And while she's no Crowley, Kiesha Crowther is powerful enough for her own ends. So long as she maintains her ritual Face Of Sincerity, keeps posing with massive crystals, and refuses to shut up she'll keep on getting speaking engagements and requests to run workshops and do rituals. She wields sufficient cultural force to have at least some of her detractors shouted down and shunned (if you really want you can check out the controversy on the New Age web here, but be warned - it's a hell of a rabbit hole). She's even been smart enough to keep her mythology sufficiently white-bread to leave her a back door out if she ever decides to "renounce" it all and "convert" to a more conservative racket like fundamentalist Evangelicalism.

Manipulation of the gap between perception and reality, resulting in a massive increase of personal power.


*Possibly less bizarre if you're one of the "Tribe Of Many Colours" she's addressing in this video, but still.

Wednesday, November 20, 2013

Mouldy Sushi

Cinemania has my reviews of Dead Sushi and Mold. They're both deliberate attempts to make "good bad" movies, and both unusual in that they (mostly) succeed.

Mold is a homage to 1980s cheapies that manages to pretty much nail the tone (and horrifying-yet-hilarious practical effects) of its terrible source material and riff on it at the same time. The framing device about an American government desperate for a new weapon in the War On Drugs is an almost total red herring, but that's actually no bad thing as the real issues tied up with America's relationship with Colombia would probably have either been mishandled or have detracted from the film's manic go-forward energy.

Dead Sushi is the most-recent full movie* from porn-director-turned-total-insanity-director Noboru Iguchi who seems to specialise in this sort of thing. It's completely nuts from start to finish and, aside from a weird sense of permanent slight misogyny, is a lot of fun. All you need to know is that it involves zombie sushi and climaxes with a flying sushi battleship and an axe-wielding tuna-mutant.

*He directed the "F is for Fart" sequence in The ABCs of Death more recently. This appears to be entirely in character, if you look at his non-porn filmography. Actually, looking at his porn filmography on Wikipedia is pretty fun too, if only because the totally-functional-and-descriptive titles that pornos get are hilarious when translated from one language to another.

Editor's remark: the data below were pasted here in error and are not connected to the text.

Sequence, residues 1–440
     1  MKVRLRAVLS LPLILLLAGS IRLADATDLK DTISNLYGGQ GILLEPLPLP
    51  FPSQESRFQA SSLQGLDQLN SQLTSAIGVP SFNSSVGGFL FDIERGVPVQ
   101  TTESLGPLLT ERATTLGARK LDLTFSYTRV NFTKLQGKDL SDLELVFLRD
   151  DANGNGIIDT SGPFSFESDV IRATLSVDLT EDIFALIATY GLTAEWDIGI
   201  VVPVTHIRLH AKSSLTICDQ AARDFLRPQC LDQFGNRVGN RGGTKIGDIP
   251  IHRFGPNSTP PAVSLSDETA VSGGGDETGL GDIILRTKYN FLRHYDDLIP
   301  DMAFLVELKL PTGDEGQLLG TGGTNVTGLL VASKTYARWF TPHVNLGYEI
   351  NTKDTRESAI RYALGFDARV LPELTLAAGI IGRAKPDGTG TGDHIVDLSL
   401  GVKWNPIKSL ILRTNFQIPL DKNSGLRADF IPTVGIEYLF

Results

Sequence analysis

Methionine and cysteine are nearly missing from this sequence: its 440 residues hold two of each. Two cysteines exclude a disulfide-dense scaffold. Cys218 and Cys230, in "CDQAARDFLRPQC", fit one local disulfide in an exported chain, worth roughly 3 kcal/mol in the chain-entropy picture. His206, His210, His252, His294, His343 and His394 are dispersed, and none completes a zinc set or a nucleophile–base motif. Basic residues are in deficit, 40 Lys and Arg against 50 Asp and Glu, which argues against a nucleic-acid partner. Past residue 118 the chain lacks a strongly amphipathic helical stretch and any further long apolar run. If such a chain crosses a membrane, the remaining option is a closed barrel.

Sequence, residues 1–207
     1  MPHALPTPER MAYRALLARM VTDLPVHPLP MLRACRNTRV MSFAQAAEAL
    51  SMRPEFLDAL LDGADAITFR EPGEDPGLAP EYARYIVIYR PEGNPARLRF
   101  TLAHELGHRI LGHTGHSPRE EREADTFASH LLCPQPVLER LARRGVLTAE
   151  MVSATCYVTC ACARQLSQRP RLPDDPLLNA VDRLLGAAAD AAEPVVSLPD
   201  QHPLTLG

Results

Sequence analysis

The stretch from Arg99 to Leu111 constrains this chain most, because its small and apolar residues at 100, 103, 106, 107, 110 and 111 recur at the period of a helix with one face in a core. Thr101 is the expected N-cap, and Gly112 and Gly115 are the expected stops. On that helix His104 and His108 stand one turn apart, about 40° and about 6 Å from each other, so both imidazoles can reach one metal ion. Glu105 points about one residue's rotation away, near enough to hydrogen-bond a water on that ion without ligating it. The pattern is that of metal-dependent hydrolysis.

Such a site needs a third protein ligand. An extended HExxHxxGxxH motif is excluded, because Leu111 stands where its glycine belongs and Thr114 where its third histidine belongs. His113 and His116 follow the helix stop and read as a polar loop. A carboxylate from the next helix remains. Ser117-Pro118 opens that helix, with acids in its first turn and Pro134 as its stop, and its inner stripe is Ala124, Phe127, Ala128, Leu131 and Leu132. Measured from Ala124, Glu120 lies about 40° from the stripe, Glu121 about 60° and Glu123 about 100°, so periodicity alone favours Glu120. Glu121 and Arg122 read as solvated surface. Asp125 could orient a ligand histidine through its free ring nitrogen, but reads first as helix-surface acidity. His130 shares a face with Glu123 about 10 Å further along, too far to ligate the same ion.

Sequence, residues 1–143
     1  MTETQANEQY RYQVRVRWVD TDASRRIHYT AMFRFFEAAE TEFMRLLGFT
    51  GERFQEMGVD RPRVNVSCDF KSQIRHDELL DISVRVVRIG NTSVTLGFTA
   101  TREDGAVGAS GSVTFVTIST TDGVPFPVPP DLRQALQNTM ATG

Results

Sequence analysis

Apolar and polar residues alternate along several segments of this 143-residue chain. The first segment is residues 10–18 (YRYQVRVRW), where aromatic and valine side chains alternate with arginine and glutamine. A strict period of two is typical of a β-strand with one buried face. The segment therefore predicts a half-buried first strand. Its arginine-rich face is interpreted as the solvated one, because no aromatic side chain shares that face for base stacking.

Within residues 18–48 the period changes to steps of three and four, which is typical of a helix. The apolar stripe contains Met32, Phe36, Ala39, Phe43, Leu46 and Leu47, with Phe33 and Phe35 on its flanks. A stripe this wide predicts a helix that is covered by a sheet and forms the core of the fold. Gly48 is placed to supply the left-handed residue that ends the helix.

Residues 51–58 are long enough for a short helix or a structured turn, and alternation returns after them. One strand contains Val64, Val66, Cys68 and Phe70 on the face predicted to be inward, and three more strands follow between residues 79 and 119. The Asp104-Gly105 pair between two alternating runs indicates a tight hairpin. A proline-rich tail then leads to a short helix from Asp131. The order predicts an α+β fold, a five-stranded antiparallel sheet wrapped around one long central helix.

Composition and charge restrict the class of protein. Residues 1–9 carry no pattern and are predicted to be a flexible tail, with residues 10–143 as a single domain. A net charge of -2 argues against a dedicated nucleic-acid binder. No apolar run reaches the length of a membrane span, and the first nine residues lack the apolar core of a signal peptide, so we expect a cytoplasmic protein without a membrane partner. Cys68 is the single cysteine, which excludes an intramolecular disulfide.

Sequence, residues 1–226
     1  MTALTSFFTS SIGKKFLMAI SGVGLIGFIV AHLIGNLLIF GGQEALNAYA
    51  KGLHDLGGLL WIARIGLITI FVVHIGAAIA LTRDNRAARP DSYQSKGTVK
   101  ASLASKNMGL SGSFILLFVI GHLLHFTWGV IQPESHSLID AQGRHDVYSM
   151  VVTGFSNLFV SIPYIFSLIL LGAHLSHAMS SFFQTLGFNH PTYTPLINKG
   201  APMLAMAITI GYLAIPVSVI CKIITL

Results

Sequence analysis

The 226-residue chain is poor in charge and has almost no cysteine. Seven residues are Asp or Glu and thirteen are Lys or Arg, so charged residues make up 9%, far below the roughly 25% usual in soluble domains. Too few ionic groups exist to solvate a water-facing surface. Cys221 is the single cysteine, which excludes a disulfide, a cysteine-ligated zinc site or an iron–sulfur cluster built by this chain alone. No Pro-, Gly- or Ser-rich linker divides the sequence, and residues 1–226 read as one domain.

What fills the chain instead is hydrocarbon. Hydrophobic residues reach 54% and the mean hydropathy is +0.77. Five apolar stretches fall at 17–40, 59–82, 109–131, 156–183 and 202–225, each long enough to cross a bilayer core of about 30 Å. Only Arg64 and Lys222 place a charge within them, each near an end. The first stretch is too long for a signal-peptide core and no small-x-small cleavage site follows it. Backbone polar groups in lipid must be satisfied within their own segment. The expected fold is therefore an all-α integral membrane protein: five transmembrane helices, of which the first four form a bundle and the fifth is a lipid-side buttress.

Monday, August 26, 2013

The Cherry Psychomaniac and the Darkest Corner of Paradise

Cinemania has my reviews of Cherry, The Death Wheelers, and The Darkest Corner of Paradise.

Cherry and The Darkest Corner Of Paradise both felt like concept overreach to me. They seemed like they had big ideas in the back of their creators' minds which didn't end up actually translating to the screen. In Cherry, this was a meditation on the destructive capacity of human relationships and the "nice guy" myth which got muddied by the general unlikability of all its characters, while Paradise aspired to Taxi Driver but ended up with lots of scenes of a guy walking around in the dark (albeit attractively shot, and with a neat soundtrack) that led up to nothing much.

The Death Wheelers (originally and confusingly titled Psychomania) is an entirely different kettle of fish - an amazing 70s-kitsch time capsule and a great piece of English spooky-pagan horror. Sadly (I looked it up) the charmingly brutal Nicky Henson who plays the lead seems to have come to nothing in particular. This was also the last movie for George Sanders* before his suicide, and there's some suggestion that its poor reception at the time contributed to his depression.

Really the only downsides to Death Wheelers are its over-reliance on now-dated car chase scenes, and (on the version I got at least) the poor sound quality. Otherwise I'd highly recommend it to anyone who's into that sort of thing.

* The voice of Shere Khan in the Disney Jungle Book, amongst many many other things.